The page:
The claimant, a German national and resident, was the chief engineer on a ship. He worked offshore in Nigeria for a Scottish subsidiary of a US corporation. His contract of employment was stated to be governed by "UK law" and HR matters were dealt with from Aberdeen. When he was dismissed he brought claims for unfair dismissal, discrimination and payment in lieu of untaken holiday under the Working Time Regulations.

The Tribunal decided that he did not have a sufficiently strong connection with Britain and British employment law to be able to bring statutory employment claims. (Discrimination claims were excluded by specific provisions relating to work on ships in the Equality Act; a claim for breach of contract in the Tribunal was allowed to go ahead.)

The EAT upheld the Tribunal's decision, finding that:

• The place of employment is the starting point. The claimant had not worked in the UK, on a UK registered ship, or in UK territorial waters.

• Even if the employee could not bring a claim elsewhere, that wasn’t decisive.

• The election for UK law was insufficient on its own to give a tribunal jurisdiction.

• The claimant was not British, he didn’t live in Britain and he wasn’t subject to UK taxation. The EAT regarded this as a key aspect – as it was in last year's Hottak case where the Court of Appeal decided that Afghan nationals who worked for the British Government as interpreters could not bring race discrimination claims in the UK.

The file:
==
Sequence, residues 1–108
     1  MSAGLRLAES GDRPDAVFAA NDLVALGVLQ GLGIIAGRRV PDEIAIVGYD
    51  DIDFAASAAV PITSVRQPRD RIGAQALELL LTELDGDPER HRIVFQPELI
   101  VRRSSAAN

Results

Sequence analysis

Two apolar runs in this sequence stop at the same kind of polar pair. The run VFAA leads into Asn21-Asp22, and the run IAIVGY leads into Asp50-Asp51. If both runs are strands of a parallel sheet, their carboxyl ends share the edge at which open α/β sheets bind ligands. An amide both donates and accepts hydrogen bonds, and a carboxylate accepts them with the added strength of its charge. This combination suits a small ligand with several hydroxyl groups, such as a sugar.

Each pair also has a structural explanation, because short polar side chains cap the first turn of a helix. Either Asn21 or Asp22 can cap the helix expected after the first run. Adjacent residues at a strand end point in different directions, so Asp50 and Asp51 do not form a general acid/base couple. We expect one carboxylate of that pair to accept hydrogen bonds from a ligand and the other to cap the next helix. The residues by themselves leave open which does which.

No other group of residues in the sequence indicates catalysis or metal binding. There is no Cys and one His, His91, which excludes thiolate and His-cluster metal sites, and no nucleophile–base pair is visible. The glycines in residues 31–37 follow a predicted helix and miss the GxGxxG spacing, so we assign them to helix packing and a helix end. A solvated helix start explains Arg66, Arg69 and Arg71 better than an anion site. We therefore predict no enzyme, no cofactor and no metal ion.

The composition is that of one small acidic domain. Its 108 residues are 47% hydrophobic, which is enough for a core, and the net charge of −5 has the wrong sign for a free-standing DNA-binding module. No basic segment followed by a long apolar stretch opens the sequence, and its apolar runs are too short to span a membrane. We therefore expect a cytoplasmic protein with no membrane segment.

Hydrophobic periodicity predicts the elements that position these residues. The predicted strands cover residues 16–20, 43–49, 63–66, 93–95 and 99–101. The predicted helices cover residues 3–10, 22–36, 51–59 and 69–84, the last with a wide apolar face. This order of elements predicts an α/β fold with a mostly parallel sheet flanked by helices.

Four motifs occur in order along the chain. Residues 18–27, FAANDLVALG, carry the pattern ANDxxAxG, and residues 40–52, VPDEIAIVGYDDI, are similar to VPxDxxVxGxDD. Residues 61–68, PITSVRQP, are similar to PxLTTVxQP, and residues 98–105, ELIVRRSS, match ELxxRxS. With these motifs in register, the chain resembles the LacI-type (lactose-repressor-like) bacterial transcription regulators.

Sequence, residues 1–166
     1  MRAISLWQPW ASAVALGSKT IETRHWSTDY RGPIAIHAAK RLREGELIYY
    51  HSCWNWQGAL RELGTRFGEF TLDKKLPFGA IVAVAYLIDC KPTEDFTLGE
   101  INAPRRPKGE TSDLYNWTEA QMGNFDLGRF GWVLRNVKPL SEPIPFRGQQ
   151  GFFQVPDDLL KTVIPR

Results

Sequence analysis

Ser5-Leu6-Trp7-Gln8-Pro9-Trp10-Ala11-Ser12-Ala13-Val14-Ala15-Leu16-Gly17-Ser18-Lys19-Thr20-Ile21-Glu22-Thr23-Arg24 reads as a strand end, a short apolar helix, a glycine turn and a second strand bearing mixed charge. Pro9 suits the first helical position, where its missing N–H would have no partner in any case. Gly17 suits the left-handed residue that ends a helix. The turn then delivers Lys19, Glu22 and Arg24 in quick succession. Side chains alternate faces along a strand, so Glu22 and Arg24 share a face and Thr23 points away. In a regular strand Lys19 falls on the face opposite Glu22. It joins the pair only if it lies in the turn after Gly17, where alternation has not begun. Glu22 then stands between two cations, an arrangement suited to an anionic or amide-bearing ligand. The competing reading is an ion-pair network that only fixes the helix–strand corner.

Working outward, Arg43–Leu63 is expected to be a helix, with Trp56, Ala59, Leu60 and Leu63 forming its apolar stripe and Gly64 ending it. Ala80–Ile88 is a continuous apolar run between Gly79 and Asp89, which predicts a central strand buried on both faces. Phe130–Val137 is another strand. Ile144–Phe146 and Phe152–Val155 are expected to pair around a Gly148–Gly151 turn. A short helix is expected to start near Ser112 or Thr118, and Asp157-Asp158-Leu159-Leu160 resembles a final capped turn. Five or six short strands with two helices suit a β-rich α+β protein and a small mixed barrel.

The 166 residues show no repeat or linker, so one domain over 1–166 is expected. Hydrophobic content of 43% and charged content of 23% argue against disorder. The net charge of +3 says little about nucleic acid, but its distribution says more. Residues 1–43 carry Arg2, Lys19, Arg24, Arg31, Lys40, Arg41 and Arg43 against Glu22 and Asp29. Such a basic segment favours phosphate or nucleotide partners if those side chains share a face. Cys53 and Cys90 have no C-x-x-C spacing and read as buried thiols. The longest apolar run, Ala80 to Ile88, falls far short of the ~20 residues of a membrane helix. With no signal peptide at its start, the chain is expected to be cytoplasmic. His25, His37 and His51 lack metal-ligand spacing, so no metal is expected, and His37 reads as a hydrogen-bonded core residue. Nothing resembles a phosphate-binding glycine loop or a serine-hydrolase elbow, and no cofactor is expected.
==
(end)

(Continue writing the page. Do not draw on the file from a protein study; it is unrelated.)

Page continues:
• The ultimate beneficiary of his work was the corporate group, based in the US.

For his claim for unpaid holiday pay under the Working Time Regulations, the claimant relied on the Bleuse principle (that a piece of UK legislation has to be construed in a way that is compatible with the EU right in question). His argument was that the necessary connection with the EU was established by his status as an EU citizen and his base in Germany. The EAT decided that EU law is limited in its application to the area of the EU – there is no reason why the territorial reach should automatically extend beyond.

Whether the Bleuse principle entitles EU citizens to enforce EU derived rights on a worldwide basis has given rise to significant debate. There are now two decisions which suggest that the right to payment in lieu of accrued but untaken leave is limited to those working within the EU.